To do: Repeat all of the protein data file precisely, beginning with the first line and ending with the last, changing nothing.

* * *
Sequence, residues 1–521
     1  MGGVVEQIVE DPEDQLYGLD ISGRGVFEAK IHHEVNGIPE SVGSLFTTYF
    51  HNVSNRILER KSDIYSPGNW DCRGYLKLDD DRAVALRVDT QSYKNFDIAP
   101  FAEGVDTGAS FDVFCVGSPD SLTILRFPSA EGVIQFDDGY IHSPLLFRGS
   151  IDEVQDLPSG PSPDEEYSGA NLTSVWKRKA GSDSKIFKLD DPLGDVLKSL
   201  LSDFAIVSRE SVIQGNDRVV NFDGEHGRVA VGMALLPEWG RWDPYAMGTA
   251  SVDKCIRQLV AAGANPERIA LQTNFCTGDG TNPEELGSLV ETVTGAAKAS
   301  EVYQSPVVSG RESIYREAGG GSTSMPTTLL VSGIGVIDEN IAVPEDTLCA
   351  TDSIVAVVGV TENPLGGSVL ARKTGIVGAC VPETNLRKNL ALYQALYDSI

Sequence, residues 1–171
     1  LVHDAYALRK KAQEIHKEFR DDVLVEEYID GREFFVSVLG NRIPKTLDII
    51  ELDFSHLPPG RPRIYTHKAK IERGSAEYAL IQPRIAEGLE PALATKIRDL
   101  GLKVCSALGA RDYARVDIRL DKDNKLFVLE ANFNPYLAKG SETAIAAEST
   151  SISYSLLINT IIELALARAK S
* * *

Sequence, residues 1–521
     1  MGGVVEQIVE DPEDQLYGLD ISGRGVFEAK IHHEVNGIPE SVGSLFTTYF
    51  HNVSNRILER KSDIYSPGNW DCRGYLKLDD DRAVALRVDT QSYKNFDIAP
   101  FAEGVDTGAS FDVFCVGSPD SLTILRFPSA EGVIQFDDGY IHSPLLFRGS
   151  IDEVQDLPSG PSPDEEYSGA NLTSVWKRKA GSDSKIFKLD DPLGDVLKSL
   201  LSDFAIVSRE SVIQGNDRVV NFDGEHGRVA VGMALLPEWG RWDPYAMGTA
   251  SVDKCIRQLV AAGANPERIA LQTNFCTGDG TNPEELGSLV ETVTGAAKAS
   301  EVYQSPVVSG RESIYREAGG GSTSMPTTLL VSGIGVIDEN IAVPEDTLCA
   351  TDSIVAVVGV TENPLGGSVL ARKTGIVGAC VPETNLRKNL ALYQALYDSI

Sequence, residues 1–171
     1  LVHDAYALRK KAQEIHKEFR DDVLVEEYID GREFFVSVLG NRIPKTLDII
    51  ELDFSHLPPG RPRIYTHKAK IERGSAEYAL IQPRIAEGLE PALATKIRDL
   101  GLKVCSALGA RDYARVDIRL DKDNKLFVLE ANFNPYLAKG SETAIAAEST
   151  SISYSLLINT IIELALARAK S